Graham Norton, BBC Commentator for Eurovision 2012, “Under a dictator, what are the chances that this is from the man with the most popular television show AND he happens to be married to the dictators’ daughter”. Later, the Lithuanian representative said, “Good evening Azerbaijan. Love is blind, but we love you anyway.” While the German representative stated, “It’s good to have a vote and it’s good to have a choice, good luck Azerbaijan on your way to democracy!” And finally, the representative from Hungary added, “Let’s see what we can do when we follow the sounds of our hearts.” All of these comments add up to quiet protests against the hosting nation. Will they do anything for the overall condition of those being oppressed or attacked in the country? Likely not. Apparently however, these comments were not otherwise censored on Azerbaijan national television.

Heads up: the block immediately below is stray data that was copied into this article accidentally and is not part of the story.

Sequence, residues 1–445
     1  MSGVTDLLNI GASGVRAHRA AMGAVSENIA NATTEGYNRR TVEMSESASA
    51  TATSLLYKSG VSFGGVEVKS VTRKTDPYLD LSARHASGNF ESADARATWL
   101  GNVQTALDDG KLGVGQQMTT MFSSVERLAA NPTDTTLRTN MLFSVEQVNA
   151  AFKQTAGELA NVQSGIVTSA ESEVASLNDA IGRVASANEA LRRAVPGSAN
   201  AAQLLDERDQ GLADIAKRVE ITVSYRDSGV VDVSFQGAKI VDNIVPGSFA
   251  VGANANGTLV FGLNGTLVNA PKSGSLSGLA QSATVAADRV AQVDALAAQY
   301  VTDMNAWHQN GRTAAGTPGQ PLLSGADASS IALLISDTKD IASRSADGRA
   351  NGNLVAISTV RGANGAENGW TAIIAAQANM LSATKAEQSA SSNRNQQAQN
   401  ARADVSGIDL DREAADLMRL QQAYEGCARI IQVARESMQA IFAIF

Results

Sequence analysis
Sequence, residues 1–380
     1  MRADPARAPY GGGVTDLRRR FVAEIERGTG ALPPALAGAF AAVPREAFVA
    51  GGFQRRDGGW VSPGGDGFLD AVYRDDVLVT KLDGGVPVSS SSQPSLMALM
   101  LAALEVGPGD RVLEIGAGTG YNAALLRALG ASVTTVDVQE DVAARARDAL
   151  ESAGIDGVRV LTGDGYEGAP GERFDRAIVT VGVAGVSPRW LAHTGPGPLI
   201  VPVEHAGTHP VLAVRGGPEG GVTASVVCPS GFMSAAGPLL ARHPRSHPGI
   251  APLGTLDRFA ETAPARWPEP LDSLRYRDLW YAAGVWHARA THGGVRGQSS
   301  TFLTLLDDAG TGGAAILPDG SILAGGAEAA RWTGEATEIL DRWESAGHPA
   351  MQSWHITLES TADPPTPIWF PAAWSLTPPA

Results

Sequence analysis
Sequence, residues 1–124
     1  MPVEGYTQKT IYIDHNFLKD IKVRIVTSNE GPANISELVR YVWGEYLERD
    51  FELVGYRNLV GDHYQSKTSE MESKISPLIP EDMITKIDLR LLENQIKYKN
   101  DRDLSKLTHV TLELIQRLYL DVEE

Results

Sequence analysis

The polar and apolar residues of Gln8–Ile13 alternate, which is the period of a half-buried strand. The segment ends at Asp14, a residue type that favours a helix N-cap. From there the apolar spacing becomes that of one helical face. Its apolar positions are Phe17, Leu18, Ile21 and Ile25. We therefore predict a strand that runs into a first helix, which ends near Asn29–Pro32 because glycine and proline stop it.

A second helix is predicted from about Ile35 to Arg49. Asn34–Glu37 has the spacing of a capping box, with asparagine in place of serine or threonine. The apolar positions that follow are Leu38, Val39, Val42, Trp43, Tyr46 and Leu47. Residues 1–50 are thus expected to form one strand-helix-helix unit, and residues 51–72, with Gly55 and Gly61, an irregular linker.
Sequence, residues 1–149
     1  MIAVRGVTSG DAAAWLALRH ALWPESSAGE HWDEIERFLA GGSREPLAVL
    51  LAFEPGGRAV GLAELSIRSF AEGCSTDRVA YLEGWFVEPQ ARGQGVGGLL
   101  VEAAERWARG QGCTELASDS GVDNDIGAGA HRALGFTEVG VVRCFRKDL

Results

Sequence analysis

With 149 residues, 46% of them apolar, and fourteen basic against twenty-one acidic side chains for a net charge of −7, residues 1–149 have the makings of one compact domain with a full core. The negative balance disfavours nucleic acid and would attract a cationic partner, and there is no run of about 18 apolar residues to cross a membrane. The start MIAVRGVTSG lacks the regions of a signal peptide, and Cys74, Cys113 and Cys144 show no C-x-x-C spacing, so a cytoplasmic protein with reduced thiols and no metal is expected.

Actually, in the aftermath of the contest and Sweden’s win, people speculate that the reason Sweden’s Loreen won has more to do with her political posturing than her singing (or her dancing, for that matter). Later, at a press conference when asked about her odd dancing, which Time reporter, William Lee Adams called more “women in a straight jacket” than anything else, Loreen stated, “The dance represents freedom, and not to have any rules,” she said at a press conference after her landslide victory. Perhaps she was speaking in a veiled way about the right of the people of Azerbaijan to have freedom too.